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America's Supernanny

Let me be clear--I've never seen the show. But ads for it keep popping up in the On Demand preview box where we're subjected to short clips of the tantrums America's Supernanny will be called in to fix.

Maybe it's the wrong answer from someone with a psychology degree...and let's be clear, Deborah Tillman has a Masters in Early Childhood Special Education not any sort of behavioral theory school...but I really don't like someone's instinct as a parent being to call someone in to help.

Not that intervention isn't necessary and that the right kind of It's Me Or The Dog type training couldn't fix both parent and child alike.

There's just something about the sink or swim nature of parenting that doesn't lend itself to critique. Of course, if someone is really, actually, seriously in over their head by all means they deserve help.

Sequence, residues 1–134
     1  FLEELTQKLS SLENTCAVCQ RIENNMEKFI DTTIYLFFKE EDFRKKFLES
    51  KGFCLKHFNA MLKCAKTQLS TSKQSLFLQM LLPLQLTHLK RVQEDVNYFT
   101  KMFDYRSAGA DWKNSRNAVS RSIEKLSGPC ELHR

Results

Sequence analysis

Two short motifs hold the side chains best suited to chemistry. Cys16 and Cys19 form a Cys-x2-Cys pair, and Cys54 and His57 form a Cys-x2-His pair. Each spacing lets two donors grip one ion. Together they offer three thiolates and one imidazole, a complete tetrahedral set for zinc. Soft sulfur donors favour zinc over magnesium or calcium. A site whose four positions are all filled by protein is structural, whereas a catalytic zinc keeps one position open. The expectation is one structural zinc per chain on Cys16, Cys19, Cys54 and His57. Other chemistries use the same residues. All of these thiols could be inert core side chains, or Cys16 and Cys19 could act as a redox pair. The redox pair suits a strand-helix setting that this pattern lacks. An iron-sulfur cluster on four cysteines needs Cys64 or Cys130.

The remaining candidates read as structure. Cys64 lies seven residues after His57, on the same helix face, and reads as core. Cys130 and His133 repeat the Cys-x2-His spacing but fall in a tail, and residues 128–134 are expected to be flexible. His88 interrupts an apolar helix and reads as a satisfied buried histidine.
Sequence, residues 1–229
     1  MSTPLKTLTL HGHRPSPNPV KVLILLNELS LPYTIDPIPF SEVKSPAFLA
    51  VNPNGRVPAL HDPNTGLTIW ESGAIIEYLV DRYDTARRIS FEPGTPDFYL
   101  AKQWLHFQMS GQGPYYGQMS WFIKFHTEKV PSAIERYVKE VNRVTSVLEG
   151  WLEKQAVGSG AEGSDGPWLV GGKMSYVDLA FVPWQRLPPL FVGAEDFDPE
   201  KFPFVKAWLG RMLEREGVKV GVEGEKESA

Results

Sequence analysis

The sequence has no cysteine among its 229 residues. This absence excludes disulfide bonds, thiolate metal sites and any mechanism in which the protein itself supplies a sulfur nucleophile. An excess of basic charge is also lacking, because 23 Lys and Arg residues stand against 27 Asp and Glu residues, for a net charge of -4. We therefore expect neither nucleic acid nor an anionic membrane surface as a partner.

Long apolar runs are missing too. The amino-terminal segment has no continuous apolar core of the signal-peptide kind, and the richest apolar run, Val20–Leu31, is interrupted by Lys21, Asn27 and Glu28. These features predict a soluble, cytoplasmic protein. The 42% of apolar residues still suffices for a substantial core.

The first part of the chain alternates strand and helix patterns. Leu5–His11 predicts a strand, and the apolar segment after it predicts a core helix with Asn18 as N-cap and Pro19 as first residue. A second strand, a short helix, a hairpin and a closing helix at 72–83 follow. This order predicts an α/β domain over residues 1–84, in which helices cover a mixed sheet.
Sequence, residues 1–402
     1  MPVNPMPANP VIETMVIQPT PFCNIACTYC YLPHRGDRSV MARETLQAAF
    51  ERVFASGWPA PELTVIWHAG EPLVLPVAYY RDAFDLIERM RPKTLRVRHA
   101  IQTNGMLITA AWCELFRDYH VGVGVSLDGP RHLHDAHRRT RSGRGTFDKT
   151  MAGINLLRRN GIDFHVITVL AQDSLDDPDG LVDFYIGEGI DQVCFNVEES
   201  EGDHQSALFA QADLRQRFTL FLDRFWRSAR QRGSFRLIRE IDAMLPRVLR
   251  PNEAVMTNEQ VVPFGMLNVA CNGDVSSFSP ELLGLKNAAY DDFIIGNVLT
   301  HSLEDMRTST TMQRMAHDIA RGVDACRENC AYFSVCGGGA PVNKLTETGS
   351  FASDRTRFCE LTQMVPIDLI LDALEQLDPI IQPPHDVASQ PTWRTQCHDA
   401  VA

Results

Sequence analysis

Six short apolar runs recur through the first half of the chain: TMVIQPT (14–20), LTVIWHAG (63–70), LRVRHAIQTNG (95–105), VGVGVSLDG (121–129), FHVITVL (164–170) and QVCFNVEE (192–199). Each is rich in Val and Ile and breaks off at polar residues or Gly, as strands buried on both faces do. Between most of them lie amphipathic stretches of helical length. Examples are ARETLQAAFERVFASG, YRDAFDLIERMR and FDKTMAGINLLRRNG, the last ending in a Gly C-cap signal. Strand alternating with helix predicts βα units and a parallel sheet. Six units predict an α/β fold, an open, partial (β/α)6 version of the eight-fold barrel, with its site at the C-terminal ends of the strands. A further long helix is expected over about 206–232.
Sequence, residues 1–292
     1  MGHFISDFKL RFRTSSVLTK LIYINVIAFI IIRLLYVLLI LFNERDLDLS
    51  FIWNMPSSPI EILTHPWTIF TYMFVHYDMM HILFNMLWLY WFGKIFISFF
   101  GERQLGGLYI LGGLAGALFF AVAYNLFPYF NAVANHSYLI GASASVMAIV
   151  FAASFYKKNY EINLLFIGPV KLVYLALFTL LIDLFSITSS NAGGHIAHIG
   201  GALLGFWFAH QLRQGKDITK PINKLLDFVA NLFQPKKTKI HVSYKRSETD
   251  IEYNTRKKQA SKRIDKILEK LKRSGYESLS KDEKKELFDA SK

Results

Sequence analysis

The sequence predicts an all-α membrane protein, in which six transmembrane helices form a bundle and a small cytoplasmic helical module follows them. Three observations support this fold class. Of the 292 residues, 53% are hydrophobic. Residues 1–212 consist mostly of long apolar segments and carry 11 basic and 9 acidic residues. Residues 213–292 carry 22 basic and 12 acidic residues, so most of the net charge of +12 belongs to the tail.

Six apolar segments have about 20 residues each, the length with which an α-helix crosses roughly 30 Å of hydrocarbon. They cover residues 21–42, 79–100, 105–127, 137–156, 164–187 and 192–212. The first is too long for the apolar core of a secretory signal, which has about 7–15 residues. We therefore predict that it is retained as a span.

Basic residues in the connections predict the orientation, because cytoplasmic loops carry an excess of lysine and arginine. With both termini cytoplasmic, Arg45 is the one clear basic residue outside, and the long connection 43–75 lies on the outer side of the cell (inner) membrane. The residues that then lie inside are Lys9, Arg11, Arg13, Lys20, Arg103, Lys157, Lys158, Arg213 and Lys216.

It's just shouldn't have chosen to have children if you can't figure out how to get them to bed or not roll on the floor and cry every time they are told "no."

I hesitate here to be so hardcore. Kelly has a friend with a child who has a rare medical issue requiring rather drastic interventions.

As with the "where's his hat," my line I draw is always at whether a piece of advice is given from a "been there, just offering, you don't have to take it" standpoint. Presumably, all the families who take part on the show have volunteered and have actual problems they have tried to solve themselves first. More than a few probably want the attention--perhaps something their problem children are picking up on.

Your kids are yours. The apple doesn't fall far from the tree. And if you have a demon child they're yours to deal with. That's my philosophy, at least.